Good news: As the planet steeps to a boil and rising seas swallow Manhattan, Miami and San Francisco, Northeast Pennsylvania will stay high and dry — at least those communities above the floodline. As Times-Tribune staff writer Brendan Gibbons reports today, a new state-sponsored study (containing numbers, empirical evidence and other “sciency” stuff) estimates that by 2050, our climate will be more like Philadelphia and Wilmington, Delaware.
Average temperatures will rise by 5 or 6 degrees and snow and rain will be 5 to 10 percent heavier.
“The scientific data is clear: climate change is happening and there will be impacts to Pennsylvania,” said Penn State professor and Environmental and Natural Resources Institute director James Shortle, Ph.D., the lead researcher. “The effects of climate change will be felt across all parts of Pennsylvania. Agriculture, human health, water quality, energy, even outdoor recreation will be affected.”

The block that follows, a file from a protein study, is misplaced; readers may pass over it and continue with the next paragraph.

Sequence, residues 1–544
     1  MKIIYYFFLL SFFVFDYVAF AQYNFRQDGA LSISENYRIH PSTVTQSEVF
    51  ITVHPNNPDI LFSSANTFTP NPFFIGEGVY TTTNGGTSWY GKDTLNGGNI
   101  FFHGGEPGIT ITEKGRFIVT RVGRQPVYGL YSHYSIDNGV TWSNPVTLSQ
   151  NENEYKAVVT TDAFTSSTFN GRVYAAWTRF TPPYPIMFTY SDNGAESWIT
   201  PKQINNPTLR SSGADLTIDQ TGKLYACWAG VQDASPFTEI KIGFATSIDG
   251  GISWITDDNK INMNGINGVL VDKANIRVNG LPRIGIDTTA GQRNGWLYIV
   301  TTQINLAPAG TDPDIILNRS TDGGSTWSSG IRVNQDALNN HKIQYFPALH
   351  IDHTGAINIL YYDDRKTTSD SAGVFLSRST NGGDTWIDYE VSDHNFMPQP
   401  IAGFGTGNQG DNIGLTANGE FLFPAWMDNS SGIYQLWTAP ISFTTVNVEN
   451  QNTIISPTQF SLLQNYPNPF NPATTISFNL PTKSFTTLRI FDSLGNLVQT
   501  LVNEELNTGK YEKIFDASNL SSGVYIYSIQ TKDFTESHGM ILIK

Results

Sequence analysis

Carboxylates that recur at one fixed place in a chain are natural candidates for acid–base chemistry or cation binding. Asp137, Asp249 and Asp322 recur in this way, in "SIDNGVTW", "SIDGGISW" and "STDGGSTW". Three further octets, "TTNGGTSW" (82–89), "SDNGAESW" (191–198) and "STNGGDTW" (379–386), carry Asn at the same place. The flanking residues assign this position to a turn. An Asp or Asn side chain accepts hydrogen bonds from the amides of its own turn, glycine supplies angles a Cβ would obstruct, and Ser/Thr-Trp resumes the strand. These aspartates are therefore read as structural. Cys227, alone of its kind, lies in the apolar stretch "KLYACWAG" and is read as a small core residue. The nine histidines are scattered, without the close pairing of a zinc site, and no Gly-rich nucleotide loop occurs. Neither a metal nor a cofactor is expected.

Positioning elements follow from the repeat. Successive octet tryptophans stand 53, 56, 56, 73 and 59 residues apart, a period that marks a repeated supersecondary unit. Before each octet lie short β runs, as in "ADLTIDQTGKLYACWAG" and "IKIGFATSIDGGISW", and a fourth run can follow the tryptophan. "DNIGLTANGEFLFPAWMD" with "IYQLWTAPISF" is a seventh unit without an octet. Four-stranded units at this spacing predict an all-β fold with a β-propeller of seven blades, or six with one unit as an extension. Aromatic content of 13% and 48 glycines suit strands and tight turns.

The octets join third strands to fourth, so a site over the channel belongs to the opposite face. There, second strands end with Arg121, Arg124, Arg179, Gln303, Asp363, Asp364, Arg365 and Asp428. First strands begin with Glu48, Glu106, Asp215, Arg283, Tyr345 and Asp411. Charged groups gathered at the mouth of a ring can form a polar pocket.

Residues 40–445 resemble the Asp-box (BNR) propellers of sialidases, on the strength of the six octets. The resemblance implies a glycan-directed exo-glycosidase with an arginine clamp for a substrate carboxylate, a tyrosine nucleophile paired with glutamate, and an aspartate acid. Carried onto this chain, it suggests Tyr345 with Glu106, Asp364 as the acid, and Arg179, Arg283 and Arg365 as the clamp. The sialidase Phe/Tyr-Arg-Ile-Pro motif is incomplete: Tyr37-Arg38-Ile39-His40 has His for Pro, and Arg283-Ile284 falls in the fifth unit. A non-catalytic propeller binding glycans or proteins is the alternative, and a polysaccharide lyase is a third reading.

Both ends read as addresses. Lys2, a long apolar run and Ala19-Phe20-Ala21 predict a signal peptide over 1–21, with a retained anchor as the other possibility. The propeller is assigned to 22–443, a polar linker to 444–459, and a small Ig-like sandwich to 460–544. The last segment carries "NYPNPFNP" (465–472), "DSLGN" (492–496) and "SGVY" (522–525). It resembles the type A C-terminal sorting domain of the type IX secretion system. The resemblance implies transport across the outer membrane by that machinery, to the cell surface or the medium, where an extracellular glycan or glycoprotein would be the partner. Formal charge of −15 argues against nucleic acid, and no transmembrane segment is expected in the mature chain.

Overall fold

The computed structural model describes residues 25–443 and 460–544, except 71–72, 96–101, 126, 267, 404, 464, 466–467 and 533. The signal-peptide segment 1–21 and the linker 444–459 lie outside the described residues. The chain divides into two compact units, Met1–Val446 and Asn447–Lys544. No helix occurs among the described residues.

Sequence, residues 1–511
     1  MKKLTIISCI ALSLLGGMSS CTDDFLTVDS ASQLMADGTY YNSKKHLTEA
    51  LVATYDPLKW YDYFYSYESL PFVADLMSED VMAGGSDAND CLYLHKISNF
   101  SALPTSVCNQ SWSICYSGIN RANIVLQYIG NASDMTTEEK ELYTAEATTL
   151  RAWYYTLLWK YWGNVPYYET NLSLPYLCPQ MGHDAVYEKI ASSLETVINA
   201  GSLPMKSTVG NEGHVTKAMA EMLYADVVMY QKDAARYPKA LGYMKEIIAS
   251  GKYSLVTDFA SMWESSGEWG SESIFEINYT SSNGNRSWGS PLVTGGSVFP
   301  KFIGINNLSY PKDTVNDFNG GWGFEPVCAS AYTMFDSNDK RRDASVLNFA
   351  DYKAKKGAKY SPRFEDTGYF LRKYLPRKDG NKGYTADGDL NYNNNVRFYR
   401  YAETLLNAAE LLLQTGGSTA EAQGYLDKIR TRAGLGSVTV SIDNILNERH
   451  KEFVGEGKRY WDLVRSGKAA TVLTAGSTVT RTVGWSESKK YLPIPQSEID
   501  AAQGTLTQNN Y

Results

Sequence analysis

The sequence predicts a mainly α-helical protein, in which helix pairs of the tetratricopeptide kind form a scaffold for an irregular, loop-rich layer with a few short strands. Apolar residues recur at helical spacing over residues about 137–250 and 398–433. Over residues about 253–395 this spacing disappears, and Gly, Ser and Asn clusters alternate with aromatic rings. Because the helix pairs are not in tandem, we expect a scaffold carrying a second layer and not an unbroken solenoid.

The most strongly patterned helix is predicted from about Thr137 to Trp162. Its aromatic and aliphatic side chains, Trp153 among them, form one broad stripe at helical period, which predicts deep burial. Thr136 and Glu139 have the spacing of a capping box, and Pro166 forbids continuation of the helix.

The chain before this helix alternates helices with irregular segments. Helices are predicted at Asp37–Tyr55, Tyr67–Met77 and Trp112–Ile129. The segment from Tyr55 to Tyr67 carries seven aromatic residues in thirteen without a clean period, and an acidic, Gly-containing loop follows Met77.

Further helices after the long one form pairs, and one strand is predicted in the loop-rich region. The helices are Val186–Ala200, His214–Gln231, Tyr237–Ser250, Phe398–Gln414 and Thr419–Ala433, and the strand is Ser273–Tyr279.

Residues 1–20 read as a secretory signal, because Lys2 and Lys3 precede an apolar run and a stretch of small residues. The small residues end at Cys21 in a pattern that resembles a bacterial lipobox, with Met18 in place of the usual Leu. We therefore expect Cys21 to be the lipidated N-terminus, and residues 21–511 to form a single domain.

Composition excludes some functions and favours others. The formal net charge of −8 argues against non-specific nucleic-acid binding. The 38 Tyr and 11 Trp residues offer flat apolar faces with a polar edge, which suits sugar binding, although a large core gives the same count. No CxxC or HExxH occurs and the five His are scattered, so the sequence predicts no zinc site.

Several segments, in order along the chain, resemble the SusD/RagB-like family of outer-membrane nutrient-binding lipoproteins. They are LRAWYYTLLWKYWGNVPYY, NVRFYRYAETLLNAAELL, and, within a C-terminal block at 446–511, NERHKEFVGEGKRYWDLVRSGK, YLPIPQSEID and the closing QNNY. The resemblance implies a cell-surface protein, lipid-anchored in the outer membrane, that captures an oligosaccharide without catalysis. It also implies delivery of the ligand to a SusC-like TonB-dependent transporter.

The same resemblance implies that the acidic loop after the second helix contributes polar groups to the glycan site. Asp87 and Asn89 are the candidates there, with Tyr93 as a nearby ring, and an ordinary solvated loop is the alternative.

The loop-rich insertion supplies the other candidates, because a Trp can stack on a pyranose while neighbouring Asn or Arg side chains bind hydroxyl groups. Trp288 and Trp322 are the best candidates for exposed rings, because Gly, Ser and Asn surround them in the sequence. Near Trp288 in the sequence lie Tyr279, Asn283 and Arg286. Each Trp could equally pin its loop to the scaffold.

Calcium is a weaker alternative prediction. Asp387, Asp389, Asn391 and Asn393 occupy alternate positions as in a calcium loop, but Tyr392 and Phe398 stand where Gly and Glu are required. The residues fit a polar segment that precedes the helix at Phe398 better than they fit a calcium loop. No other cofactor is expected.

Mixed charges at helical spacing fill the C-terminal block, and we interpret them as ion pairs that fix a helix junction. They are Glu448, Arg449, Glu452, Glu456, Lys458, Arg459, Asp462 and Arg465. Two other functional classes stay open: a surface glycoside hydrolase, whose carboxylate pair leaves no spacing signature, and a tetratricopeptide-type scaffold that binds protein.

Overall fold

Dairy cows might suffer sun-dried udders. Ski resorts may melt away. Car accidents, house fires and water main breaks could go unreported as local TV news stations drop the pretense and go all-weather, all the time. Energy providers, water parks and West Nile Virus should thrive, if that’s any consolation.
If a polar bear floated down the Susquehanna River, some climate change deniers would remain defiantly unconvinced. They trust amateur meteorologists like Rush Limbaugh — a 400-pound former disc jockey and prescription drug abuser — over the overwhelming majority of scientists inhabiting the planet. That’s their prerogative, but I’m gonna go ahead and get me and mine to higher ground.